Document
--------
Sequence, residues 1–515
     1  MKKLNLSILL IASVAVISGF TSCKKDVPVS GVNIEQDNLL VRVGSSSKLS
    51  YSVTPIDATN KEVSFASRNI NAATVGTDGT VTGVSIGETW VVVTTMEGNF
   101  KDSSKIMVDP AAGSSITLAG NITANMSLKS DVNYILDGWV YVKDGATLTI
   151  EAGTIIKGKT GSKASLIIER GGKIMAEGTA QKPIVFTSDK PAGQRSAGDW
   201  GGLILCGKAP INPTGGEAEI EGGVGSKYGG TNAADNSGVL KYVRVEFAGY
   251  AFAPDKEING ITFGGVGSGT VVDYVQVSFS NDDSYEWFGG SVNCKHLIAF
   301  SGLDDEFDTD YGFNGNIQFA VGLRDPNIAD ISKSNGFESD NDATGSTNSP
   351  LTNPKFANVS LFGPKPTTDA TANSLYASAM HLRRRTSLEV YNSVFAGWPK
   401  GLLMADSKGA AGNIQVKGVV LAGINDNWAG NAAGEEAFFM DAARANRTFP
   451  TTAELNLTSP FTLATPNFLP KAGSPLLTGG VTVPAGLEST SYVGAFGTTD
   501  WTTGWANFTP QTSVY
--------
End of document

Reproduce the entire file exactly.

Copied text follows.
Sequence, residues 1–515
     1  MKKLNLSILL IASVAVISGF TSCKKDVPVS GVNIEQDNLL VRVGSSSKLS
    51  YSVTPIDATN KEVSFASRNI NAATVGTDGT VTGVSIGETW VVVTTMEGNF
   101  KDSSKIMVDP AAGSSITLAG NITANMSLKS DVNYILDGWV YVKDGATLTI
   151  EAGTIIKGKT GSKASLIIER GGKIMAEGTA QKPIVFTSDK PAGQRSAGDW
   201  GGLILCGKAP INPTGGEAEI EGGVGSKYGG TNAADNSGVL KYVRVEFAGY
   251  AFAPDKEING ITFGGVGSGT VVDYVQVSFS NDDSYEWFGG SVNCKHLIAF
   301  SGLDDEFDTD YGFNGNIQFA VGLRDPNIAD ISKSNGFESD NDATGSTNSP
   351  LTNPKFANVS LFGPKPTTDA TANSLYASAM HLRRRTSLEV YNSVFAGWPK
   401  GLLMADSKGA AGNIQVKGVV LAGINDNWAG NAAGEEAFFM DAARANRTFP
   451  TTAELNLTSP FTLATPNFLP KAGSPLLTGG VTVPAGLEST SYVGAFGTTD
   501  WTTGWANFTP QTSVY